The Bothersome Man (Den Brysomme Mannen)
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One day, a bus drops off its solitary passenger at a run-down gas station in the middle of nowhere. The passenger, Andreas (Trond Fausa Aurvaag), is then brought to the city, where he’s given a new life—a new place to live, a new job, a new office with a great view. In his new city, everything is nice. The people are all very nice. The city is sleek and clean and modern. His new job is stress-free, and his boss never yells at him. And everyone there is stable and content. He even finds a girlfriend, Anne (Petronella Barker), and settles into a nice life in a nice house.

It’s not long, however, before Andreas realizes that there’s something very wrong with this nice new city. No matter how much he drinks, the alcohol just doesn’t work. Food doesn’t taste like anything. And no one shows any emotion. Sure, no one’s ever angry or sad, but no one’s passionate about anything. No one cries at the sad parts in movies. No one seems to feel happiness or love. When he falls in love with a woman from work and decides to leave his flat, lifeless relationship with Anne, Andreas finds that his new girlfriend has been seeing several other men—all of whom she says are “very nice.”

  
 
Andreas tries to escape—even if it means killing himself—but nothing seems to work. As he goes about his day-to-day life, though, he meets a man who, like him, is dissatisfied with their nice life in their nice city. In his new friend’s basement apartment, Andreas discovers a hole in the wall—a hole from which beautiful music and delicious scents and the laughter of children seep through—and Andreas becomes obsessed with digging a tunnel and finding what’s on the other side of the wall.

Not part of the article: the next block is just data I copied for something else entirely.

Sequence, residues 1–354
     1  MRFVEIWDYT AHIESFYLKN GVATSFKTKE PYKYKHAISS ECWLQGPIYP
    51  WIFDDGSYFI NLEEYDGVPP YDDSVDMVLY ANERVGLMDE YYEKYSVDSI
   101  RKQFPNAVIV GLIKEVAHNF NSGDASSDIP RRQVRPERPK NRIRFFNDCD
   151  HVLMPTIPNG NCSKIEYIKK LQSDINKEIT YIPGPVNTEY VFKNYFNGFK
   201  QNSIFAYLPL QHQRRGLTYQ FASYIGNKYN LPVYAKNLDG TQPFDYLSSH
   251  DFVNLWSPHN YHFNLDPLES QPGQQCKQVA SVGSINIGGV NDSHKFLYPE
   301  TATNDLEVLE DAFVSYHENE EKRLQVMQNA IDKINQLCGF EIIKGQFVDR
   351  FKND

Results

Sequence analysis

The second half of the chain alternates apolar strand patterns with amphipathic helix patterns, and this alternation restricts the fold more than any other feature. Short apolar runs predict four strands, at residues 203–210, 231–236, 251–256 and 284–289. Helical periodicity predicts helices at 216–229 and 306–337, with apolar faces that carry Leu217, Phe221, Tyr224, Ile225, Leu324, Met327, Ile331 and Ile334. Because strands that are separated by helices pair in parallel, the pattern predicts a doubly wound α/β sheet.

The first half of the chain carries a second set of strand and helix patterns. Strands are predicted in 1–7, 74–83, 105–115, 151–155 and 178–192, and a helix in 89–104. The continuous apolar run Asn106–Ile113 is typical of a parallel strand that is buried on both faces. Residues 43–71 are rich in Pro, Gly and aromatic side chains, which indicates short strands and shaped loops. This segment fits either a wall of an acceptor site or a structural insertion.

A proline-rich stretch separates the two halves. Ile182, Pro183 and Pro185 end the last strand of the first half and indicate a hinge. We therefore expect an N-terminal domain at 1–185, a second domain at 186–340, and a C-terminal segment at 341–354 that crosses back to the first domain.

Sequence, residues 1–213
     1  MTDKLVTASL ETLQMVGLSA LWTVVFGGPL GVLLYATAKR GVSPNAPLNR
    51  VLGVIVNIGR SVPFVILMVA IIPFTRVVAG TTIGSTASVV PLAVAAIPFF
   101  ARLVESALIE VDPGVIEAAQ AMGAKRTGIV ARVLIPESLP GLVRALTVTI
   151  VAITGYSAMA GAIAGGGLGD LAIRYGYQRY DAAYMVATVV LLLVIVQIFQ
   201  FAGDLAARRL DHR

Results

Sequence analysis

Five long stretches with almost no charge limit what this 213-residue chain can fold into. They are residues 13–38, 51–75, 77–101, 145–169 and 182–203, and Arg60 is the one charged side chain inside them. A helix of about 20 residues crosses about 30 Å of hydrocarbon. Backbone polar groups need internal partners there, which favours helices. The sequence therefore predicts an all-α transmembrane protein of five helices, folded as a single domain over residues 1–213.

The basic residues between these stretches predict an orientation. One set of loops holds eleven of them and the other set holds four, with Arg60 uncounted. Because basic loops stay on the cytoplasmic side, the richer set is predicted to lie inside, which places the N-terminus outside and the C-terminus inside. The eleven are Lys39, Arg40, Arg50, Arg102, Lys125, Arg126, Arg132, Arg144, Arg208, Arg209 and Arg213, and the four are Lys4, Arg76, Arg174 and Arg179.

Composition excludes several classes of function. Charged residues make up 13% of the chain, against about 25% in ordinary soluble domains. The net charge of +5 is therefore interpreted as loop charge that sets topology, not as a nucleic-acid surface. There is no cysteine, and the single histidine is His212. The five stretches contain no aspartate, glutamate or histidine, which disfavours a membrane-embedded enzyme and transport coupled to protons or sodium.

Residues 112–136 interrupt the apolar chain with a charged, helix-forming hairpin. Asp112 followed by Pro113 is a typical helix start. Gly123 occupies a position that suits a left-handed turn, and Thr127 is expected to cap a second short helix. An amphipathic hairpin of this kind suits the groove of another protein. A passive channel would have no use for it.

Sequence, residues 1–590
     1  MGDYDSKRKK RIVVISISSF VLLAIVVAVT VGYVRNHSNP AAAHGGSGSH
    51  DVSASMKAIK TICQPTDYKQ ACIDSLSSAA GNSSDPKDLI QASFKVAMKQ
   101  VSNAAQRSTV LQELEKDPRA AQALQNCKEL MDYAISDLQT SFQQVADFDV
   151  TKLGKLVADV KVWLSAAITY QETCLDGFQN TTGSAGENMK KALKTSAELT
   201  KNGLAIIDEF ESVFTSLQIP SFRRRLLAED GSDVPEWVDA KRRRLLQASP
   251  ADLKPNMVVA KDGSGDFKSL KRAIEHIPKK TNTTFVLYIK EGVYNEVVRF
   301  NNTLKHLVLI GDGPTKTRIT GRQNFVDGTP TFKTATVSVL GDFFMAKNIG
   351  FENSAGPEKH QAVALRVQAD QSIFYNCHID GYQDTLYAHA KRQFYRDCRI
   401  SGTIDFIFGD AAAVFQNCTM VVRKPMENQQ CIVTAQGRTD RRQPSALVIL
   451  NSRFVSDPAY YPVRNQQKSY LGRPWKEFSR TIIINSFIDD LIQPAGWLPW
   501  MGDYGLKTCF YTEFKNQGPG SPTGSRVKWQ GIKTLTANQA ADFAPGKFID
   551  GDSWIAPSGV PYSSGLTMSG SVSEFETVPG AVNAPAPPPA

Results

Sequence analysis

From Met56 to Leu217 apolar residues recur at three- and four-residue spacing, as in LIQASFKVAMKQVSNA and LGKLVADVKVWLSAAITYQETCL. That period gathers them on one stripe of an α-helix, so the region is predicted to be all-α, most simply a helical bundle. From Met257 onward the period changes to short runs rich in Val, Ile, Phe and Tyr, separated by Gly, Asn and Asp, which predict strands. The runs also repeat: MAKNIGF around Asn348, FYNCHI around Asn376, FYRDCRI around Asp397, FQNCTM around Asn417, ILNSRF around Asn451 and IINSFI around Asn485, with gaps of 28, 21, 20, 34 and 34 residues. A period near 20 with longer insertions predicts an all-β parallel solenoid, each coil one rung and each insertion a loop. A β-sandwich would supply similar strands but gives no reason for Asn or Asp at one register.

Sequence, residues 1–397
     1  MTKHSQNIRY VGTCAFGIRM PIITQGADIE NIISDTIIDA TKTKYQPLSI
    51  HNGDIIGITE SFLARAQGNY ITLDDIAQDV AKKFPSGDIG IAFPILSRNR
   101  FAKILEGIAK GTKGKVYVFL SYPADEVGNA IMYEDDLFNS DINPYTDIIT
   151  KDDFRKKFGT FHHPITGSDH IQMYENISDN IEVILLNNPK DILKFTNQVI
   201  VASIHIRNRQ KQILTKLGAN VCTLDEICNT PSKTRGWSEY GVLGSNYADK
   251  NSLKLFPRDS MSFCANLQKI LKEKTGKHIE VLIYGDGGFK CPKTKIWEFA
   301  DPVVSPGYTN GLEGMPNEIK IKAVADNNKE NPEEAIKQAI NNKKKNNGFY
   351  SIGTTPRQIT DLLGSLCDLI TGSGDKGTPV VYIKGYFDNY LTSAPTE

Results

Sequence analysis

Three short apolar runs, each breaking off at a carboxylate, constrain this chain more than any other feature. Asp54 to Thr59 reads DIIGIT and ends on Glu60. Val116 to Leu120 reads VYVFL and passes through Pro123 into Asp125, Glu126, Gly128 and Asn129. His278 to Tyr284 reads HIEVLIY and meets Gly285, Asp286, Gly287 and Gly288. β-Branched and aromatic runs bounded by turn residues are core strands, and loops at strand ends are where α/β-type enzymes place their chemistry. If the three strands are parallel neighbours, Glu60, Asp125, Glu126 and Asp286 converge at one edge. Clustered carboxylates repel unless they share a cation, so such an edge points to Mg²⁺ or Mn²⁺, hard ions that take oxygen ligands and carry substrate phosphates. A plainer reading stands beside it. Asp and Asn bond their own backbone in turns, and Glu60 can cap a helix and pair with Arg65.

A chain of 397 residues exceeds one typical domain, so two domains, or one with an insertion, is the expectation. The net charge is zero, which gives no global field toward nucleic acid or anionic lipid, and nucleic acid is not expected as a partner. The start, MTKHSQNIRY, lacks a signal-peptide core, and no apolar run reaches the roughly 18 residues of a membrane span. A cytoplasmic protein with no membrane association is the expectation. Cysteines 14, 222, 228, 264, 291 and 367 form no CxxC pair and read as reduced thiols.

The Bothersome Man (or Den Brysomme Mannen in Norwegian) is an artsy movie with a non-conformist message that’s been done so many times before that it pretty much defeats the whole purpose—by conforming to the standard non-conformist message. In fact, the message is so unoriginal that it’s no longer all that artsy or interesting. It’s just tiresome. Or, I suppose, bothersome.

From the beginning, it’s hard to get into the story. We’re told very little about Andreas. We don’t know where he came from or how he got there or why he’s even there—and thus, it’s hard to care about him at all, making it a painful hour and a half. And while I can usually appreciate dry wit and dark humor, the humor in The Bothersome Man just didn’t work for me. Though a few people around the theater laughed somewhat uncomfortably from time to time, I ended up feeling much like most of the characters in the movie—worn out and drained of any emotion.

Don’t bother seeing The Bothersome Man. It’s an exhausting movie that beats its non-conformist message like the dead horse that it is. If you really want to rebel against the Hollywood Machine, you should have no problem finding more entertaining ways to do so.

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